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The Chinese Secret to Saving Money Revealed

Money is a commodity accepted by general consent as a medium of economic exchange. It is the medium in which prices and values are expressed. It circulates from person to person and country to country, facilitating trade, and it is the principal measure of wealth.

In the video titled “The Chinese Secret to Saving Money Revealed” by Humphrey Yang, the presenter delves into the intriguing subject of why the Chinese are so proficient at saving money. With a gross savings rate of 45.9% in China compared to 3.5-5% in the United States, the disparity is significant. This article will explore the cultural, demographic, and practical reasons behind this phenomenon, and reveal the Chinese secret to saving money.

Cultural Influence

Emphasis on Saving

  • Cultural Values: Chinese culture emphasizes saving money and views it as honorable.
  • Avoidance of Luxury: Unlike Western consumerism, Chinese often avoid indulging in luxury goods or status symbols.
  • Lucky Money: Children are taught to save money from a young age, often receiving “lucky money” in red envelopes during New Year’s and birthdays.
  • Success and Wealth: Success and wealth are highly regarded in Chinese society, often linked to social status.

Impact of History

  • Post-World War II America: In contrast, American culture encouraged consumption after World War II, leading to a focus on spending rather than saving.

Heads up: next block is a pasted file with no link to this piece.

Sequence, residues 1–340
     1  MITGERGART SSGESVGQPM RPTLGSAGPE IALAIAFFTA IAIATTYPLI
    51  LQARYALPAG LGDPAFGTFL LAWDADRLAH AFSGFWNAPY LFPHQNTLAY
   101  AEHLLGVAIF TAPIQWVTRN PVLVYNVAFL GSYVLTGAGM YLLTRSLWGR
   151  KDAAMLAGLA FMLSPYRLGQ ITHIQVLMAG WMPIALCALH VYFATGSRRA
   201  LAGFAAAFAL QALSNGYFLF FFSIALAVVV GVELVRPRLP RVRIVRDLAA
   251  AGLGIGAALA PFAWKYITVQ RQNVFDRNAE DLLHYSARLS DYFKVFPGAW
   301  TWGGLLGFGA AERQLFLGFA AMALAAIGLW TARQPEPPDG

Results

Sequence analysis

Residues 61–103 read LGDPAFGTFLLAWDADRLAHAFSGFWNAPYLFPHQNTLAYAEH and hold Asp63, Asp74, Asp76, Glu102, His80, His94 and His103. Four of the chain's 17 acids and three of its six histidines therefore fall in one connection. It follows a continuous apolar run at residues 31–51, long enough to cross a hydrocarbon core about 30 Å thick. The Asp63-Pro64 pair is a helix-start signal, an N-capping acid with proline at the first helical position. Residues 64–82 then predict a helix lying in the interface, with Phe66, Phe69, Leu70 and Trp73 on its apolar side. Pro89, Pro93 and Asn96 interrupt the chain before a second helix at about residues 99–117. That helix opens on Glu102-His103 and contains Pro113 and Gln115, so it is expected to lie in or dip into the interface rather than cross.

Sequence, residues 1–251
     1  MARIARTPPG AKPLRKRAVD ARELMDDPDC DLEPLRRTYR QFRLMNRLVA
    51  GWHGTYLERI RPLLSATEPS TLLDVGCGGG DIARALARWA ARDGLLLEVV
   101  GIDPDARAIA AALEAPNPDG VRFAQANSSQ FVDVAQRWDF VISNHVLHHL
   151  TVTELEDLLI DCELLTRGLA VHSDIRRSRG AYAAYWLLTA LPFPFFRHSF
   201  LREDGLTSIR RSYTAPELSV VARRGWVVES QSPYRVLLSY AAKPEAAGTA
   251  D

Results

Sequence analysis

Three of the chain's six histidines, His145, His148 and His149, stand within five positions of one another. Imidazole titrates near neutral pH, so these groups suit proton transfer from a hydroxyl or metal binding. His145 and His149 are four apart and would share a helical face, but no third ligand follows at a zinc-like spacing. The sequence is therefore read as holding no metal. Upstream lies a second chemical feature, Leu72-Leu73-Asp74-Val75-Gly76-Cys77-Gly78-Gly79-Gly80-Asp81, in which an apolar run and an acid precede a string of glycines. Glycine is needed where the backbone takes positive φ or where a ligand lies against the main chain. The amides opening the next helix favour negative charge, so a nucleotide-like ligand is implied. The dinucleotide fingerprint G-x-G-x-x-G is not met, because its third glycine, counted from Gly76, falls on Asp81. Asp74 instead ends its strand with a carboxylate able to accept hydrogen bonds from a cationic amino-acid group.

• Aversion to Financing: Chinese people often prefer to buy things in full cash, avoiding financing and debt.


One-Child Policy

  • Impact on Population: China’s one-child policy led to a decline in newborns and skewed the population towards more males.
  • Supply and Demand: More men chasing the same number of women led to a need to stand out through success and wealth.
  • Savings for Desirability: Men saved money to become desirable, and families saved more due to having fewer children.

Lack of Retirement Accounts

  • Pension System: China lacks 401K or IRA options, relying on a pension system that many are wary of.
  • Concerns about Future: Concerns about healthcare, education, and pensions lead to increased saving.

The Chinese Money-Saving Secret

Zero-Based Budgeting System

  • Accounting for Every Dollar: The secret lies in the zero-based budgeting system, where every dollar is accounted for, and income minus expenses equals zero at the end of the month.
  • Understanding Expenses: This system helps in understanding and categorizing expenses, allowing for better control over spending.

Four Main Factors

  1. Avoiding Luxury Goods: Staying humble and avoiding status symbols.
  2. Living Off a Small Percentage: Trying to live off as little of the income as possible.
  3. Focusing on Needs vs. Wants: Spending on needs, especially health-related, and being reasonable with wants.
  4. Eating at Home: Advising to eat at home to save money.


The Chinese approach to saving money is rooted in cultural values, historical context, and practical wisdom. From understanding the importance of money to employing a zero-based budgeting system, the Chinese have developed a comprehensive strategy to manage their finances effectively. The lessons drawn from this approach are universal and can inspire individuals worldwide to adopt more frugal and thoughtful spending habits. As the Chinese would say during New Year’s, “Gong Xi Fa Cai,” which means “I hope you get rich.” The wisdom shared in this video offers valuable insights into achieving financial success through disciplined saving and spending.

Note: The article is based on the video by Humphrey Yang and includes insights, statistics, and cultural observations shared in the video. The video can be viewed here.

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